Catherine Collinson: I'll share with you one final quote, which I really feel like sums it up. This quote comes from a Gen X woman who shared with us – again, this is how her life priorities had changed. She sums it up as:

“More family and fun time.” Gen X, Woman

Al Waller: Perfect. Well, Catherine, as you think about what you've learned from this study and the others you've conducted during the pandemic – anything else you'd like to share before we wrap things up today?

Catherine Collinson: I've given a lot of thought to my own life priorities. And they've changed – I shared the exercise example. But they've changed in other ways as well. For our listeners, I encourage you to think about how your own life priorities have changed. What have you learned from the pandemic – both the good and the challenges that you can take with you?

Another thing to think about – are my new life priorities aligned with my actions and how I am spending my time and resources? Or is there some misalignment? And how can we be successful? We have learned so much. There is a future ahead. How do we move into that future being wiser because of the pandemic and focused on those things that are truly important for us? The answers to these questions are very unique and personal for each and every one of us, and they are evolving.

Al Waller: Catherine, I agree you've given us a lot to consider and reflect upon in our own lives and that's a good thing. Before we close, any final suggestions for listeners who want to find out more about this topic?

Catherine Collinson: Yes, I have 5 tips that I would like to share with our listeners. These changes in life priorities – these are big and far reaching in our lives.

Here are the five tips:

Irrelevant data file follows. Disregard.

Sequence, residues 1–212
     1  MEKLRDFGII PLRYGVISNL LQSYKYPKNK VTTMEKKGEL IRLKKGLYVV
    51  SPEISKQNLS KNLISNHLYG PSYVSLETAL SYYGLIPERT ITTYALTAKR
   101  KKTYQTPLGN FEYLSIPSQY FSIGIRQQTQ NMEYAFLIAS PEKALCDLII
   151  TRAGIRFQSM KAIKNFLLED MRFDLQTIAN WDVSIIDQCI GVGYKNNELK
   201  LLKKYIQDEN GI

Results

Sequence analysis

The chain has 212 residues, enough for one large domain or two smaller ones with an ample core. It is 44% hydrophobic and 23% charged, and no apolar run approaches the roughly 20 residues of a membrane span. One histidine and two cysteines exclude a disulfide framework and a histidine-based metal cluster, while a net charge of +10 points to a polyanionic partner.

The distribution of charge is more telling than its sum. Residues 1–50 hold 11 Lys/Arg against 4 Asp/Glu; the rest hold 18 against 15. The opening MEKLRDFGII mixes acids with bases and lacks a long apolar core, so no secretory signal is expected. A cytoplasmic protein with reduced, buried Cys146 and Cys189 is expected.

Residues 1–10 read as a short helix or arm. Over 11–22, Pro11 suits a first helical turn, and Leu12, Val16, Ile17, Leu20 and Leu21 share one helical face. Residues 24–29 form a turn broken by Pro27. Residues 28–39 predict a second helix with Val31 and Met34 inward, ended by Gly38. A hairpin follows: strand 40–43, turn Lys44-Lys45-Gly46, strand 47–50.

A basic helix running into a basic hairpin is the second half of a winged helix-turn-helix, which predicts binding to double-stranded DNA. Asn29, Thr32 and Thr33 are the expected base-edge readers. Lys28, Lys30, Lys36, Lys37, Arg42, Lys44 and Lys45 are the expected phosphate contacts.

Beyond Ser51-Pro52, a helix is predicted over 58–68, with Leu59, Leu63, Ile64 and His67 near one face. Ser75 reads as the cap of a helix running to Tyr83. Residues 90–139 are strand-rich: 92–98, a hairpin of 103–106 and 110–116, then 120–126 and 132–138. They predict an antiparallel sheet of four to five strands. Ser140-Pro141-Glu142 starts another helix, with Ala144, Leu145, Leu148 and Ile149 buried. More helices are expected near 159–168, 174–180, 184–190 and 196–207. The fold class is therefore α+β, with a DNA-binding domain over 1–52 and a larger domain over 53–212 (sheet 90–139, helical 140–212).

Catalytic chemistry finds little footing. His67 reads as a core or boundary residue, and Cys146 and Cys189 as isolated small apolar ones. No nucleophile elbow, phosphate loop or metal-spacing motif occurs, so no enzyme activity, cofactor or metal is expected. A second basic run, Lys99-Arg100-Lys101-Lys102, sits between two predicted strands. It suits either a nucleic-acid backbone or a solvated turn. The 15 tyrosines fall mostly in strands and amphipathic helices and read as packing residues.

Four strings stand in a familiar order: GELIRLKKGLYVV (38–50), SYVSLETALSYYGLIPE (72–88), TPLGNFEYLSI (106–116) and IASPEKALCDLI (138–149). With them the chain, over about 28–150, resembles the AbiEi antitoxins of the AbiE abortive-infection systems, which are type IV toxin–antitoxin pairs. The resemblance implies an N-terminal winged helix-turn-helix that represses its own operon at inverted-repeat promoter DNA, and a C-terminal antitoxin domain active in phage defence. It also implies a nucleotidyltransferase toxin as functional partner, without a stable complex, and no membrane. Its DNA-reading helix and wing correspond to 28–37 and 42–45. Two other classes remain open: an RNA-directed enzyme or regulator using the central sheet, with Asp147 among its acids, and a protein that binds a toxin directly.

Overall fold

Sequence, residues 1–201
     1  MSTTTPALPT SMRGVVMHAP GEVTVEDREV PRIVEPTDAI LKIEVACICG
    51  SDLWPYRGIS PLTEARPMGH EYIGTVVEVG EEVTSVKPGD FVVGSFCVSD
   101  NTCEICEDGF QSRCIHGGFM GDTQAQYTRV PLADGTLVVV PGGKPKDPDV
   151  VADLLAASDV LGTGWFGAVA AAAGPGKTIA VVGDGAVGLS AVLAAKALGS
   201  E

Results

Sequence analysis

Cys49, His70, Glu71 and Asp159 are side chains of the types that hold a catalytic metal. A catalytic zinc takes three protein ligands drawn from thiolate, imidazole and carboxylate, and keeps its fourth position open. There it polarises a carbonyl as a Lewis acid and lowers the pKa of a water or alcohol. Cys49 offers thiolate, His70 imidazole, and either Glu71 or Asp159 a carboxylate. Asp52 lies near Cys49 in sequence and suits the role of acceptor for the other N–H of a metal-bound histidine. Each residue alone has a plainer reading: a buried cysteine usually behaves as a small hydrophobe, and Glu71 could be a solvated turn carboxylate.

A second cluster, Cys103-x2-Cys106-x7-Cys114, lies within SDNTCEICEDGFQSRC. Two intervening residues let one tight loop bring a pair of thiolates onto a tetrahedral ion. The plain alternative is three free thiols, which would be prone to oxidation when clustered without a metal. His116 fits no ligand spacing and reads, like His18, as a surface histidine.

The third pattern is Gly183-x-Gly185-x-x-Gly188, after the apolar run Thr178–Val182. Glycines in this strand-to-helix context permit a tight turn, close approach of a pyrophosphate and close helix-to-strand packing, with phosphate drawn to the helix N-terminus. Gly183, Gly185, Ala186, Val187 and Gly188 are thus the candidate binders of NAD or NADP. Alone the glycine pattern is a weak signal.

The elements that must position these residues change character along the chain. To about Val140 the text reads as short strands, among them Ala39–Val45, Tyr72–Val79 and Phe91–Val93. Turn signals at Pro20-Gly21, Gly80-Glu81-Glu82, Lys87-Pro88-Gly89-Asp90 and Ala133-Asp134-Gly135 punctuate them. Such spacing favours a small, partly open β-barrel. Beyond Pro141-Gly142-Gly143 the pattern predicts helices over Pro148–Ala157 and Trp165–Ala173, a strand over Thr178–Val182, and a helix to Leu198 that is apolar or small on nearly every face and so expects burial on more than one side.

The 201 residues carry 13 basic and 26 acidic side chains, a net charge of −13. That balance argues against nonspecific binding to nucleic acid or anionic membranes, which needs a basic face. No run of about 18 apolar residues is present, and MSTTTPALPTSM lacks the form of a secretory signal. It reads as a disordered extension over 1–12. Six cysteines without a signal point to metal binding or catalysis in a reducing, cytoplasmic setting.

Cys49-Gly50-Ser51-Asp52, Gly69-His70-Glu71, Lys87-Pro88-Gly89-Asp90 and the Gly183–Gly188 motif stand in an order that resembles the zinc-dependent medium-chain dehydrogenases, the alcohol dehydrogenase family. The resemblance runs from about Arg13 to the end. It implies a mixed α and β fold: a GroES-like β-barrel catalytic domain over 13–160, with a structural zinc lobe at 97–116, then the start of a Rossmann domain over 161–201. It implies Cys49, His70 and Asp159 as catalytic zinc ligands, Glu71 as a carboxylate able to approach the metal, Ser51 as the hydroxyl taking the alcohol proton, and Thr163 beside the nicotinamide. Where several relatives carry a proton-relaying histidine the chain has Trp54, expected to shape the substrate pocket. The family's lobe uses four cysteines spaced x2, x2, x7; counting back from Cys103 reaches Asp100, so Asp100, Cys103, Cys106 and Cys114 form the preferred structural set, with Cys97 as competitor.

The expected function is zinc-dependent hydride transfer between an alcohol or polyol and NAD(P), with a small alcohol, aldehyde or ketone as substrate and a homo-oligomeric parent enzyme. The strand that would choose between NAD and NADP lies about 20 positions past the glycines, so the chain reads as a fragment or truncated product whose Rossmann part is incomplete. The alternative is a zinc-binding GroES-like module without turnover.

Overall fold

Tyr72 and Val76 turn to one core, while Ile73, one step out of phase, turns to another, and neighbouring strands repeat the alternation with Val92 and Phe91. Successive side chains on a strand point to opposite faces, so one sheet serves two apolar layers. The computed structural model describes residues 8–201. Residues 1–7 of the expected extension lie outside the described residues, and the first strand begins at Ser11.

First, take some time to write down how your life priorities have changed and codify your new life priorities. Ensure that they are truly in alignment with how you’re spending your time and your time with others.

The second tip – share your new life priorities with family, close friends, and trusted loved ones. They may not know your priorities have changed unless you tell them. It's important to share them for a couple of reasons. One, they may get confused if you're doing things totally differently and they don't know where you're coming from. But also, they can share insights. Sometimes those who are close to us know us even better than we know ourselves – they can help you do some sanity checks. Also, it opens the line of conversation to learn about how their life priorities have changed and ways that you can support them.

Tip number three is take a test drive. If you're thinking about a really big change, as many people have during the pandemic – if it's at all possible before doing something drastic, consider a test drive. The example I'll give you is moving. I know so many people who have packed up their home, canceled the rent, sold the house, and moved somewhere completely different. In some cases, it's worked out well. Others may have some regrets about it. Consider going to that place you think you're going to love and renting an Airbnb for a few days or a week – and make sure you really love it before you make that really big change.